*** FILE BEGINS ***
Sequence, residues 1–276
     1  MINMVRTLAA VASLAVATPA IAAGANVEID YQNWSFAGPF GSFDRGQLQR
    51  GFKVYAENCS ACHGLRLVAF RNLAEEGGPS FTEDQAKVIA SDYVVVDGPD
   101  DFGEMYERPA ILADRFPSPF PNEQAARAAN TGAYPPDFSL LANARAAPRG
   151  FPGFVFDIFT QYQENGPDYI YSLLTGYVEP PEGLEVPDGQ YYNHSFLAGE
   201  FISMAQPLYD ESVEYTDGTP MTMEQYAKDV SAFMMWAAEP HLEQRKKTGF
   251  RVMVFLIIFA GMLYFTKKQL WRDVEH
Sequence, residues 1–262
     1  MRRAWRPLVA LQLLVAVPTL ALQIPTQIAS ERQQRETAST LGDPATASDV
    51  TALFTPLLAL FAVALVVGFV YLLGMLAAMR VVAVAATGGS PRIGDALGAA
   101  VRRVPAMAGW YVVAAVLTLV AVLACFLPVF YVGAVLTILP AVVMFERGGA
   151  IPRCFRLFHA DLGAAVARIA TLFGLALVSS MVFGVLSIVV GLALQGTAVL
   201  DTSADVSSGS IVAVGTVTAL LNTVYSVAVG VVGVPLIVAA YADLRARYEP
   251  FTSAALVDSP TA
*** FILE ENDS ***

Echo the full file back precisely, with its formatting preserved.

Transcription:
Sequence, residues 1–276
     1  MINMVRTLAA VASLAVATPA IAAGANVEID YQNWSFAGPF GSFDRGQLQR
    51  GFKVYAENCS ACHGLRLVAF RNLAEEGGPS FTEDQAKVIA SDYVVVDGPD
   101  DFGEMYERPA ILADRFPSPF PNEQAARAAN TGAYPPDFSL LANARAAPRG
   151  FPGFVFDIFT QYQENGPDYI YSLLTGYVEP PEGLEVPDGQ YYNHSFLAGE
   201  FISMAQPLYD ESVEYTDGTP MTMEQYAKDV SAFMMWAAEP HLEQRKKTGF
   251  RVMVFLIIFA GMLYFTKKQL WRDVEH
Sequence, residues 1–262
     1  MRRAWRPLVA LQLLVAVPTL ALQIPTQIAS ERQQRETAST LGDPATASDV
    51  TALFTPLLAL FAVALVVGFV YLLGMLAAMR VVAVAATGGS PRIGDALGAA
   101  VRRVPAMAGW YVVAAVLTLV AVLACFLPVF YVGAVLTILP AVVMFERGGA
   151  IPRCFRLFHA DLGAAVARIA TLFGLALVSS MVFGVLSIVV GLALQGTAVL
   201  DTSADVSSGS IVAVGTVTAL LNTVYSVAVG VVGVPLIVAA YADLRARYEP
   251  FTSAALVDSP TA